The ghost called again and again: “Give up, woman! Give up, bitch!”
In spite of everything, Jacob studied his daughter. Henny was roosted over the plank floor, her petticoats enormous, sharp little boots pointing out. Dark and beautiful, unaged in all this time. She dual-wielded the ghastly birdcage and the smoking Colt pistol. Her friends were studying her, as well, as if for guidance.
Jacob’s oldest son, Andrew, was the only one not regarding his sister, instead taken with the captive head. “Roger Pit,” he said, smiling knowingly. “Roger Pit, the chief of them outlaws. A thousand dollars for ‘ees head. Said so on the posters in town.” He pointed over his shoulder, presumably to town.
But Henny ignored this, also, along with more threats from outside. “Pa?” she said, and Jacob didn’t at first hear. “Pa?”
He blinked at her. “Yes, Henny?”
“You still got them sticks, Pa?”
“Sticks,” Henny said patiently. “For the mines? The glycerin?”
Jacob had to remember he was a miner. He considered he request, then said, “Henny. Oh, Henny.”
“Need them sticks, Pa.”
“You need’a surrender to the law,” Jacob said, shaking his head with his whole body.
“They ain’t the law,” was all Henny said. She wouldn’t look away.
Jacob sucked his teeth as Henny kept staring him down, her friends also. In lieu of words, he flicked his eyes to the crate in the corner.
“On the count’a five!” said the ghost outside, amidst unkind murmurs and chuffing horses.
Henny seemed not to hear. “The horses still outen the barn?” she asked Jacob, while examining the deadly crate.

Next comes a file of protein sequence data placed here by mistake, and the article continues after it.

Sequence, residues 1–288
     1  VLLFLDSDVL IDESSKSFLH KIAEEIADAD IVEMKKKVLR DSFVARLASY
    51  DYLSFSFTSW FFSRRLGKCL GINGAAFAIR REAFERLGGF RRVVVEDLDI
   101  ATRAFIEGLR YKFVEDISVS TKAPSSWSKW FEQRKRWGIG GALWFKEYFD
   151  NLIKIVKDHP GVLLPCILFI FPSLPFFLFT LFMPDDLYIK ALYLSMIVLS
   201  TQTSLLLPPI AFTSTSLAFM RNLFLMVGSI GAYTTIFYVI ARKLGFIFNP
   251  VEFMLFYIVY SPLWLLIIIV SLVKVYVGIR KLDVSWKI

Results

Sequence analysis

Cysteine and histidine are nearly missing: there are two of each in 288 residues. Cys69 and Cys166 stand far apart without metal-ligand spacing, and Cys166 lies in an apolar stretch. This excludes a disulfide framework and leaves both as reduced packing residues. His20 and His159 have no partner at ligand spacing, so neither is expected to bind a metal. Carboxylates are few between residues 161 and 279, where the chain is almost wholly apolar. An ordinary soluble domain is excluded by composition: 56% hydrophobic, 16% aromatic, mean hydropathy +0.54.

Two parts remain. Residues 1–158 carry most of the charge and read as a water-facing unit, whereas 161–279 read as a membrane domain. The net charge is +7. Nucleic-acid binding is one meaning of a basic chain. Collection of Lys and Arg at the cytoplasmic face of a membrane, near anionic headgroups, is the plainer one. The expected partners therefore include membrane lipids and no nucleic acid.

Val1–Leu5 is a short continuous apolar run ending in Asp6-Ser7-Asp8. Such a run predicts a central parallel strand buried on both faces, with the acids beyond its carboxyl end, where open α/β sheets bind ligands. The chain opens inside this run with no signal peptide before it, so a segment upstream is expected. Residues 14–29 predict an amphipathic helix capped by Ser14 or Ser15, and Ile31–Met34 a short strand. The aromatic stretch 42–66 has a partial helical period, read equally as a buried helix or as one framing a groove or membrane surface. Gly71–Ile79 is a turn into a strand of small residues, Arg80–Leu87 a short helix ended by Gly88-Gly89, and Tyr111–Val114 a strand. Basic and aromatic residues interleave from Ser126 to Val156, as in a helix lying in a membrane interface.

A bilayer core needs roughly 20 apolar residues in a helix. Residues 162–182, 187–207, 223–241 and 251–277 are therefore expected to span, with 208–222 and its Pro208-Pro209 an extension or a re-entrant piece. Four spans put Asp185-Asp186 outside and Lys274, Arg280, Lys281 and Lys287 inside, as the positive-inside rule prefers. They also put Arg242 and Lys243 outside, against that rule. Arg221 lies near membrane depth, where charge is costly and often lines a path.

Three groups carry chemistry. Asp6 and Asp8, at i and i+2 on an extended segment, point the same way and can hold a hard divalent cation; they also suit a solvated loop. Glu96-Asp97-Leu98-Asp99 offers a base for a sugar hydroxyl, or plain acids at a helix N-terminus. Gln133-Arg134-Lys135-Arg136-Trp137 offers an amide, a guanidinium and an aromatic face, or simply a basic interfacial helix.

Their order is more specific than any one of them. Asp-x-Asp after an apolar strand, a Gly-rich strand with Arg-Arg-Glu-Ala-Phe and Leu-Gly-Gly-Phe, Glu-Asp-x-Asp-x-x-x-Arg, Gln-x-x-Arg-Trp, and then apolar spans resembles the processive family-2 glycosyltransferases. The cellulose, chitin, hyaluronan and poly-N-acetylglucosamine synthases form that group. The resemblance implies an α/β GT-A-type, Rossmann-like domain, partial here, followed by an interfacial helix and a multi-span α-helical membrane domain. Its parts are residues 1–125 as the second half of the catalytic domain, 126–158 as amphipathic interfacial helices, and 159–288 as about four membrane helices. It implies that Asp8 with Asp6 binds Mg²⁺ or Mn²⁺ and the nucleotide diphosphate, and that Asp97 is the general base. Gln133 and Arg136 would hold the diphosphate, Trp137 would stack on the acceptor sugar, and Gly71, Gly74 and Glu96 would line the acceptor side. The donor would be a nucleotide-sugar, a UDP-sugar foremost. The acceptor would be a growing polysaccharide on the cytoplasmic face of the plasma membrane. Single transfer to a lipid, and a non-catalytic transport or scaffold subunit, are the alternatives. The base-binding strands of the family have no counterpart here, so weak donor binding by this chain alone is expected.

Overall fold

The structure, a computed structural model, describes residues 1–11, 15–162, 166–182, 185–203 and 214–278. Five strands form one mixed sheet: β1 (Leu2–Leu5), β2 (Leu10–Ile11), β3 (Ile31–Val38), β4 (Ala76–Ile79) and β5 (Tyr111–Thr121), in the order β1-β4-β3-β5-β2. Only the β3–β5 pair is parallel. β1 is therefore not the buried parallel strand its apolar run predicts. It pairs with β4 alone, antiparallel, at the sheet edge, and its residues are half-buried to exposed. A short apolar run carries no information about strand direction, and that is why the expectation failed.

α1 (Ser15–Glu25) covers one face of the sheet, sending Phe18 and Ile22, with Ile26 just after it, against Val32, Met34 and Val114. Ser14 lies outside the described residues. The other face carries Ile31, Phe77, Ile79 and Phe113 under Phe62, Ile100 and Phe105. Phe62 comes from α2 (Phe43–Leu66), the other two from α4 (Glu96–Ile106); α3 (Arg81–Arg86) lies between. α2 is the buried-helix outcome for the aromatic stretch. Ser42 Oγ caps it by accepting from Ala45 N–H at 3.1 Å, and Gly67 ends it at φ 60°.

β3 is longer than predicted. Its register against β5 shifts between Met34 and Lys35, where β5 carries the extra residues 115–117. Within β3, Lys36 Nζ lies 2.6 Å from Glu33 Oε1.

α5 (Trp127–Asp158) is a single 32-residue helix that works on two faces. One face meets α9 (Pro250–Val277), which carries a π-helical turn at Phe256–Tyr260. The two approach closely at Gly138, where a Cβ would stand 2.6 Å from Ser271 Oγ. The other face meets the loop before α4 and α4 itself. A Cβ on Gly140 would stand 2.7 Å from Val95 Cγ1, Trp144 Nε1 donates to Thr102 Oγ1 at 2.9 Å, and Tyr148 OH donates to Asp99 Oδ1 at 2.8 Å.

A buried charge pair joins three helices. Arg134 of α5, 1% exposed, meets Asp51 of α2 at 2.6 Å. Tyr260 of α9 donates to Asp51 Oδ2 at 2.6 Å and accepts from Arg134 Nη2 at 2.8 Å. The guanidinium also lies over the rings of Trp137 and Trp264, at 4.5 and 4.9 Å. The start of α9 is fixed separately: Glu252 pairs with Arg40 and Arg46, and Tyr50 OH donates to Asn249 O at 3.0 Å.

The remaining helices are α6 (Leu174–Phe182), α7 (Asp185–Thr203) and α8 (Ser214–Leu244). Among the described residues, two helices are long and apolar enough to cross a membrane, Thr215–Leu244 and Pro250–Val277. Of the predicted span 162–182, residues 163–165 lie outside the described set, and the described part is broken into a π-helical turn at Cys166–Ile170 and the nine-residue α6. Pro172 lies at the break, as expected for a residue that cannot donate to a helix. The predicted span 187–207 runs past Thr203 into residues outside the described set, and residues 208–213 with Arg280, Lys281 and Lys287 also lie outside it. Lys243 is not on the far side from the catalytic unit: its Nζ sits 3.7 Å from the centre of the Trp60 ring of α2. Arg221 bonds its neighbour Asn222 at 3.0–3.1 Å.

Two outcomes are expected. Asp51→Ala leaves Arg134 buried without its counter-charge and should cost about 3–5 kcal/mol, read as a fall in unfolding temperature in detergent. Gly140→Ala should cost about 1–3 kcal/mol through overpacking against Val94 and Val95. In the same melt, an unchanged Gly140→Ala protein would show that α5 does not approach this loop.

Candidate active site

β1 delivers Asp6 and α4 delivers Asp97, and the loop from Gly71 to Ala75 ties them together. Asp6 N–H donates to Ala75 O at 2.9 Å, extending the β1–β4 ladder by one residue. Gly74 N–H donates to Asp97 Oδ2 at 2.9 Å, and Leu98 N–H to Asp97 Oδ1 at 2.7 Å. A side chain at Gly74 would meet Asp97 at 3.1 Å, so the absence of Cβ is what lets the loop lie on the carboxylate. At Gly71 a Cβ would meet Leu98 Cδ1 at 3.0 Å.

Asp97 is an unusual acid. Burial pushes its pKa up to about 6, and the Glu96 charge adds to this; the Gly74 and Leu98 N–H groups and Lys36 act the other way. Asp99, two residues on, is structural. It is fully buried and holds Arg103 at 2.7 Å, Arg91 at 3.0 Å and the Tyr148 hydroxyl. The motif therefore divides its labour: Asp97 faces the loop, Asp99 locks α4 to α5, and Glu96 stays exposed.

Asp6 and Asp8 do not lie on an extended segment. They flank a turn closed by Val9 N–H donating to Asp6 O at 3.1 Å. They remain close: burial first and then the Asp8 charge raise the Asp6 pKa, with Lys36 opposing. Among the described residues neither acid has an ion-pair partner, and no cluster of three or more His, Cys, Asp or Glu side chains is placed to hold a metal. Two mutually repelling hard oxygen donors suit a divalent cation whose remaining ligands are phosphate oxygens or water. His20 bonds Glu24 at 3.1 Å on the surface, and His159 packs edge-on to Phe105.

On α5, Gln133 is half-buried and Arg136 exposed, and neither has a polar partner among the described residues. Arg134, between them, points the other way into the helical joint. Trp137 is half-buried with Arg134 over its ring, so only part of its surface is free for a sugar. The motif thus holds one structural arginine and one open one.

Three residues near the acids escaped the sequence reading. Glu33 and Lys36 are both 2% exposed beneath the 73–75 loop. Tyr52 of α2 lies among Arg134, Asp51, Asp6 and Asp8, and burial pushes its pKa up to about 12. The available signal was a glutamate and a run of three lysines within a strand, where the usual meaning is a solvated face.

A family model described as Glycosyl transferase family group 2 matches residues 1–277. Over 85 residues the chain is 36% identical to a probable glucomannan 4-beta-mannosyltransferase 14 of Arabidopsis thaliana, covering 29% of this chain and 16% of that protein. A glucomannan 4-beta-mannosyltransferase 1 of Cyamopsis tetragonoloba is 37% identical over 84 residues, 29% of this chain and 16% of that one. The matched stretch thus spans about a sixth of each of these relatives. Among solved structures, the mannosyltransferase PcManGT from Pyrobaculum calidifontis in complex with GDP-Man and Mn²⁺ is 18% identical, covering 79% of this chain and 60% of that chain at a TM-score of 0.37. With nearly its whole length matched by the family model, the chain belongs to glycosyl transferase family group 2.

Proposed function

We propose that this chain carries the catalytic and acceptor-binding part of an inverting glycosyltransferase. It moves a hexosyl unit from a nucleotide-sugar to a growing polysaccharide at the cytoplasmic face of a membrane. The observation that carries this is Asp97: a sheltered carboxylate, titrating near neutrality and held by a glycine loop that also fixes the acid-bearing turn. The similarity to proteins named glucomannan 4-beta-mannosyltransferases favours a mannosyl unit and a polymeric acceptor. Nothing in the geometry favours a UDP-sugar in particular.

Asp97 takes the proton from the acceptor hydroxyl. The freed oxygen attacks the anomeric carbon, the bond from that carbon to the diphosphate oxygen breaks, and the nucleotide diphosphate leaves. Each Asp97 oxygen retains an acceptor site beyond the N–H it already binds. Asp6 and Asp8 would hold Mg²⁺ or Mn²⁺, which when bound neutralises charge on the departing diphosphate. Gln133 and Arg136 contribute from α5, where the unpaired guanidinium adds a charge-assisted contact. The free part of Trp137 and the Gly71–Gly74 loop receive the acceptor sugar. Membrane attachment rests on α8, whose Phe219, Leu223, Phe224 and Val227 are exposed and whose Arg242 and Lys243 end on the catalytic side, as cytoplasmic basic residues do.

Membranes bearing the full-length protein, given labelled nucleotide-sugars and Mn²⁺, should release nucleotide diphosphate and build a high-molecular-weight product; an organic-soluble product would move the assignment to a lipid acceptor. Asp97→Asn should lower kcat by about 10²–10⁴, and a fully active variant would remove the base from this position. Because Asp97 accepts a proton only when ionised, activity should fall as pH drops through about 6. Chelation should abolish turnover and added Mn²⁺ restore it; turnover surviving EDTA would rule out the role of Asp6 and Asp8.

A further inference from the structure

Jacob said they were, netting distressed looks from both sons. Billy, the younger, asked what was happening, but no one answered.
The ghost: “One!”
All at once, Henny’s friends went at the dynamite — two, four, eight sticks dispensed. They severed the fuses short, long curls falling like cut hair. Each held their sticks at the ready, except Jean on the floor, who had stopped bleeding and breathing.
Henny was looking commands at her company, nods exchanged and not a word between them. There was a smug confidence to her, Jacob saw, like when she’d said he’d hear her name again someday.
Jacob sent the boys under the bed, then joined them. His head looked out like a gopher, at Henny. She looked back, her face unreadable.
There never was a five. One of Henny’s squad, a dark man in an unexpected sombrero, lit a cigarillo, touched it to the fuses, then plugged it in his mouth and laughed smoke. At this, Jacob slid the rest of the way under the bed. The rest, he heard only: an opening door, shouting, stray gunfire — then explosions, full and huge, nothing like when in the mines.
He looked out, later, and the cabin was empty except for the dead man, Henny again gone away.
In the morning, when the mountainside was again quiet, Jacob found the stables vacated, the horses missing like his renegade daughter. It had always been her way. Jacob couldn’t say what had returned her to him, other than that home is for when there’s nowhere else.
He supposed she’d been right: he would hear her name again, probably more than he’d like.
“Henny,” Jacob said, neutrally, as he had five years prior. “Oh, Henny.”